Knee Pain

Most often people will seek medical help once they encounter pain in the knee which limits their normal daily activities.

Typical Knee Injuries

Common knee problems include the following:

Arthritis

Osteoarthritis is a degenerative process where the cartilage in the joint gradually wears away. It often affects middle-age and older people. Osteoarthritis may be affected by excess stress on the joint such as repeated injury or being overweight. Rheumatoid arthritis is another type of arthritis that can affect the knees by causing the joint to become inflamed and by destroying the knee cartilage. Compared to osteoarthritis, it can affect younger population as early as 30 years old.

Tendonitis

Inflammation of the tendons may result from overuse of a tendon during certain repetitive activities such as running, jumping, or cycling. In this case, the patellar tendon is commonly affected.

Sprained knee ligaments or strained muscles

A sprained knee ligaments or strained muscle is usually caused by a blow to the knee or a sudden twist of the knee that causes the ligament/muscle to overstretch. Few examples of these could be sprain of the collateral ligaments of even a quadricep muscle strain.

Torn cartilage

Any trauma to the knee has a possibility of tearing the menisci (pads of connective tissue that act as shock absorbers and also enhance stability), especially in contact sports where twisting movement is involved. Cartilage tears can often occur with sprains. Commonly affected area would be the anterior medial meniscus.

Physiotherapy

Most often people will seek medical help once they encounter pain in the knee which limits their normal daily activities. This pain is the first obstacle to tackle. When the pain in the knee is addressed, the next component would usually be strength. Muscle strength decline with bedrest in young adults showed knee extension strength reducing by 5-6% per week for the first few weeks, whereas older adults had 11-12% reduction in strength in 10 days of bedrest. In addition, balance must be addressed as well which can reduce the chances of future injuries from falls. 

To measure pain, the numerical rating scale is measured on a scale of 1 to 10, with 10 being the most pain felt and 1 being the least. For strength, dynamometry can be used, which measures the level of maximal force able to be exerted. This is done before the training session, comparing between the painful and non-painful leg and can be repeated after some time to measure strength changes. For balance, the star excursion balance test or SEBT is well-suited, which measures dynamic single leg balance. 

Depending on personal goals, the completion criteria will vary. For an athlete that wants to return to sports, more focused tests will need to be done to provide some assurance that he/she will be able to perform at their maximal capacity on the field. For the recreationally active population on the other hand, pain-free movements with comparably equal strength to the unaffected leg will be sufficient. 

Knee Sports Rehabilitation

The sports rehabilitation for any knee injury will begin as soon as phase 3. Upon discharging from physiotherapy after a knee injury, the patient is expected to be pain free and able to move through normal range of motion pain free as well. Also, the patient should be able to begin to increase the ability of the knee to take load, but with controlled movement.  In most knee injury cases, the sports rehabilitation phase will continue re-educating and activating the muscle which has experienced atrophy. This is followed by strengthening the weakened muscle along the knee joint. Flexibility and mobility exercises will be incorporated to maintain the joint range of motion and muscle flexibility. Balance and coordination exercises will be progressed from double leg to single leg to get the patient prepared for return to sport. The balance exercises help in enhancing the joint proprioception.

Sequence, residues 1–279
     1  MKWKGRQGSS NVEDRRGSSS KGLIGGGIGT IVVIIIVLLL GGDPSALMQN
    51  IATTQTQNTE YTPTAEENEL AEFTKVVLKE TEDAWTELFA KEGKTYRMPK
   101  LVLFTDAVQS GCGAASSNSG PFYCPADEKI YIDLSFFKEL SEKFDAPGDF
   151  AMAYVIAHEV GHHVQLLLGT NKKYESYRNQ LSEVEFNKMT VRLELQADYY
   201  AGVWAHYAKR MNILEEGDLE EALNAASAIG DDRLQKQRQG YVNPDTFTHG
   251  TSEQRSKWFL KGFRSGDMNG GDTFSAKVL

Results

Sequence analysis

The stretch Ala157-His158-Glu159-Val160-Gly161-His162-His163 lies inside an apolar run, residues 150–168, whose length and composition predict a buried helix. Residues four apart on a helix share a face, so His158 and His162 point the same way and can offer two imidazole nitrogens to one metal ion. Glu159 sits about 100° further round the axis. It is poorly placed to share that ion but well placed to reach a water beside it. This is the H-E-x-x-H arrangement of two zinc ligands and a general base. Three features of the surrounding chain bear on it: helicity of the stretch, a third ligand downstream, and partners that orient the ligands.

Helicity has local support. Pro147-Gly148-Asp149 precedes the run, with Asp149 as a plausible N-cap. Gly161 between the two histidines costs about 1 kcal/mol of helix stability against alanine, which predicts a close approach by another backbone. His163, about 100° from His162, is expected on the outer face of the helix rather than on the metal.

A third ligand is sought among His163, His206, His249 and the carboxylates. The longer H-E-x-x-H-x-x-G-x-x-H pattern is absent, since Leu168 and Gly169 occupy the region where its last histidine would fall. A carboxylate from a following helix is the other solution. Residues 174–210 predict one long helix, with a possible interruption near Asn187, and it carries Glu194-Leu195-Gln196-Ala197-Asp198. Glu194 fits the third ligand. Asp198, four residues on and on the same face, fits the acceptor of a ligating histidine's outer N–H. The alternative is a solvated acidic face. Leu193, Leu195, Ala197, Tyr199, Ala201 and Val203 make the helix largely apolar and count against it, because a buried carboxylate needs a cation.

Here at Rehamed Therapy, the sports therapy program will focus on helping the patient return to sports confidently and in almost better condition than they initially were, before the injury. 

An important progression criteria is the strength test. The strength will be tested on the initial day of assessment and the test will be repeated continuously to progress the exercise. The balance test and MAT test are also used as progression criteria before the patient returns to sport. The therapist will run through the testing upon discharge, to ensure that the patient is fit to return.  

Prevention & Reconditioning

NIAMS recommends the following for people of all ages to prevent knee injury:

  • Before exercising, warm up and stretch the muscles in lowerlimb to reduce tension on tendons and relieve pressure on knee.
  • Strengthen leg muscles to help maintain stability in the knees. Balancing and neuromuscular training should be included in the program to prevent fall injuries and improve control of movements.
  • Avoid sudden changes in exercise intensity. Increase or decrease the force and duration gradually.
  • Wear shoes with good condition that fit properly to help maintain balance and leg alignment. Knee problems can be caused by flat or pronated feet (feet that roll inward). Special shoe inserts (orthotics) custom-molded to the shape of foot can help.
  • Maintain a healthy weight. During weight bearing activities such as walking, climbing stairs, getting in and out of a chair forces through the knee can be 2–3 times body weight. The higher a person’s weight the greater the load placed on the knee joints during weight bearing activities. Being overweight or obese stresses joints and increases the risk of osteoarthritis.
  • Before riding a bicycle make sure that the seat is high enough so that pedaling won’t put too much pressure on the knees.

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